Optimizing operations as in-house attorneys struggle with increased workloads is best tackled by general counsel who can hitch the solution to the broader organization’s workflows and technology efforts, legal ops consultants say.
In the past, it wasn’t uncommon for general counsel to take a workbench-like approach in which they stitch together specialized legal technologies, if they had the budget for that, but the best-in-class approach today envisions something more broadly integrated.
“The current philosophy is, we need to assemble multidisciplinary professionals who work alongside the legal teams and to really differentiate all these business problems that [in-house teams] are facing, across the gamut from legal operations all the way up to investigations, litigation, helping people deal with vast quantities of data to answer questions from the tax man, for example,” said Ben McGuire, a partner and managing director at Simmons and Simmons, in a Bryter webcast.
Not only does broader integration help optimize the legal team to better respond to what the organization needs, it reflects the reality that few in-house legal teams have the resources to build and maintain their own technology tools.
“I’ve only spoken to one [general counsel] ever who said, ‘I own my own stack. I’ve got a budget for my own stack,’” said Tara Waters, a partner with Ashurst, a law firm that provides legal ops services.
Before jumping into any effort to optimize operations, general counsel should step back and assess the highest value they can deliver to the broader organization. Once they identify that, they can start to revamp their workflows and technology with guidance from the broader multidisciplinary team.
That might mean handing off routine attorney tasks, like contracts, to other parts of the business, automating other tasks, and even adjusting the organization’s risk tolerance to take more chances based on the real areas of exposure the business faces based on data analysis.
“The biggest payoff by far is moving from a state of risk abatement to risk acceptance,” said McGuire.
By looking at your data, you might learn that certain types of contracts have rarely if ever represented real risk to the organization, and if that’s the case, it makes little sense to continue dedicating attorney time to them.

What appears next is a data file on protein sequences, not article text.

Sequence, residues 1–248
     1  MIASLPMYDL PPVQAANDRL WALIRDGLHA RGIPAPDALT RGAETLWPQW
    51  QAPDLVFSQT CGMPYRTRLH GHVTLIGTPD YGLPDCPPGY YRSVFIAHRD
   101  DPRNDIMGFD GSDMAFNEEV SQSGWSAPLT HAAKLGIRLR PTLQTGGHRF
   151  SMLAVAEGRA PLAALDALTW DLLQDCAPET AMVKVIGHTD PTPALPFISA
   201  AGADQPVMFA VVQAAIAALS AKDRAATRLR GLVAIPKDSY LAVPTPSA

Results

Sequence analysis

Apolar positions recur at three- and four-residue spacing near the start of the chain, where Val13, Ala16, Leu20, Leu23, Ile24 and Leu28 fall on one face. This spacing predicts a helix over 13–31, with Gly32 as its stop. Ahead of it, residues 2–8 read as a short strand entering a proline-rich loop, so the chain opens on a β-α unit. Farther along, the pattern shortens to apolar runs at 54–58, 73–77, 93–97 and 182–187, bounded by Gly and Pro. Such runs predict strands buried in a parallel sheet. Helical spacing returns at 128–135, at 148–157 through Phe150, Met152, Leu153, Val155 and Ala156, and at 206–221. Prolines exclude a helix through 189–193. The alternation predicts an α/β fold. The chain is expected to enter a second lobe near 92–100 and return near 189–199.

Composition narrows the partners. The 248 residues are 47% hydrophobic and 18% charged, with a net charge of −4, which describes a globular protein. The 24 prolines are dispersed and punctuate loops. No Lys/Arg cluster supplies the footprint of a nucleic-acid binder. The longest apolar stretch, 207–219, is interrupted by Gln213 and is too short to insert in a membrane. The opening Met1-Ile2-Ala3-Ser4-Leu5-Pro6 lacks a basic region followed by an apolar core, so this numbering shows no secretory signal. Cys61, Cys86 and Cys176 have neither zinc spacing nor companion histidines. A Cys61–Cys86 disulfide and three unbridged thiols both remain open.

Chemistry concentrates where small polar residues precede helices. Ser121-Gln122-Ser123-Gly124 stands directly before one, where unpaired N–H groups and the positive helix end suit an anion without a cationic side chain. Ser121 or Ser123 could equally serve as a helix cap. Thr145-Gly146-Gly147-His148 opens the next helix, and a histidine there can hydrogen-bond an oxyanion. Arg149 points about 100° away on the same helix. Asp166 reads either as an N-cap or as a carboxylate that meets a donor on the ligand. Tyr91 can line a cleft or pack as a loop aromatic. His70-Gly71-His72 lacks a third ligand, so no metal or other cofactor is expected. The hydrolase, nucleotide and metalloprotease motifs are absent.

“You don't have to negotiate every clause,” said McGuire. “‘It’s taking us days and days and costing us a fortune to negotiate this clause because we think there’s a risk of somebody coming after us,’ but if you actually looked back … and assemble that data, [you might] say we have never faced any litigation in this space.”
Some general counsel, after assessing their processes, are coming out with a menu approach in which they share with the broader organization what they will and won’t do.
“‘These are the 50 things we do and the other 150 things we did in the past that we don’t do anymore,’” said Philipp Glock of KPMG Law. “We’ll outsource it or we’ll give it back to business – some kind of contracts or whatever. There might be some things you don’t do at all: ‘These are templates; we’re not looking at them anymore.’”
Legal ops role
It can help to have dedicated legal ops staff to work with the multidisciplinary team and outside consultants because they’re positioned to help identify and implement workflows, processes and technology that are well-aligned with the broader organization.
“Plugging in directly to [a legal ops team] is always helpful for [consultants] like us,” said Waters.
The legal ops function has largely grown up in tandem with legal technology, so it’s fitting that many technology companies included the function in their legal departments from the start.
“New in-house teams formed at tech companies, probably more on the west coast of the United States, we’ve basically seen these teams saying, ‘We can build [this function] from scratch,’” said Michael Grupp, CEO and co-founder of Bryter. “These teams have operational support from the get-go.”
A Bryter survey shows most general counsel, if they don’t have a legal ops team or a legal ops staff person in place, would like to have such a function or plan to add one. About a quarter say they have no plans to go that route.